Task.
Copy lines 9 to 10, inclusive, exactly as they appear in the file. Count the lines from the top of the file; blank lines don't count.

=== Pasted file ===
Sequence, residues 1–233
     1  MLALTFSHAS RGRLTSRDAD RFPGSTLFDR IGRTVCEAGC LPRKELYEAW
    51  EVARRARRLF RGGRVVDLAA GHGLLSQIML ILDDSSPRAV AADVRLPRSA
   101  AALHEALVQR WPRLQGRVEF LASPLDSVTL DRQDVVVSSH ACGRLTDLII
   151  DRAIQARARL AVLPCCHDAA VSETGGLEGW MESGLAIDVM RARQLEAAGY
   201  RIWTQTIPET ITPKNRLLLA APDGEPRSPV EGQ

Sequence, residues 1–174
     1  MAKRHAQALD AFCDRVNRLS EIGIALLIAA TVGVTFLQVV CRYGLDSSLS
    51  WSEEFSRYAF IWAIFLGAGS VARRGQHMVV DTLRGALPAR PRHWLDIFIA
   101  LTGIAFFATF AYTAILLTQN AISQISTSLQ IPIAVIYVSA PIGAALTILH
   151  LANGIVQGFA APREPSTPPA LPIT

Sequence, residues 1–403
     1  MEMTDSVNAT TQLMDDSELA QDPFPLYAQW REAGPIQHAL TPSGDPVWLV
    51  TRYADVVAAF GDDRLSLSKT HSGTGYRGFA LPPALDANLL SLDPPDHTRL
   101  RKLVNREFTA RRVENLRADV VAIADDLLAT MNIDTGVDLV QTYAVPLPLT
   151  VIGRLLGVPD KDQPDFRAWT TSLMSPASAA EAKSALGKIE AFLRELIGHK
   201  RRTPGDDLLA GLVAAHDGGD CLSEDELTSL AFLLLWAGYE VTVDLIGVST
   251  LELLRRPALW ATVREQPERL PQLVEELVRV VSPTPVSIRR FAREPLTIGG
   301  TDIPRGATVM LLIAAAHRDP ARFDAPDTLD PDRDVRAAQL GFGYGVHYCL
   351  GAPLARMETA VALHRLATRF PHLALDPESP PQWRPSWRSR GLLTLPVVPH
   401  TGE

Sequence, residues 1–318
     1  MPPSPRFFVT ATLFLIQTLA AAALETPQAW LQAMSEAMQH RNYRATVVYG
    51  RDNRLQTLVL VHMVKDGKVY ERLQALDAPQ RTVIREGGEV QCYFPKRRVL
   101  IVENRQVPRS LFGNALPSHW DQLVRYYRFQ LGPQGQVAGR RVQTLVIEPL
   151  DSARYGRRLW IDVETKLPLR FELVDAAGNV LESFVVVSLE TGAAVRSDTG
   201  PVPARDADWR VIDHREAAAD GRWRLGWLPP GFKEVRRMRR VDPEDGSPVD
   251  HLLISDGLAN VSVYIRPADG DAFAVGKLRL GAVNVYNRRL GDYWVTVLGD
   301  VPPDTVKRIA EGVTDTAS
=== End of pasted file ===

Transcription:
    51  WSEEFSRYAF IWAIFLGAGS VARRGQHMVV DTLRGALPAR PRHWLDIFIA
   101  LTGIAFFATF AYTAILLTQN AISQISTSLQ IPIAVIYVSA PIGAALTILH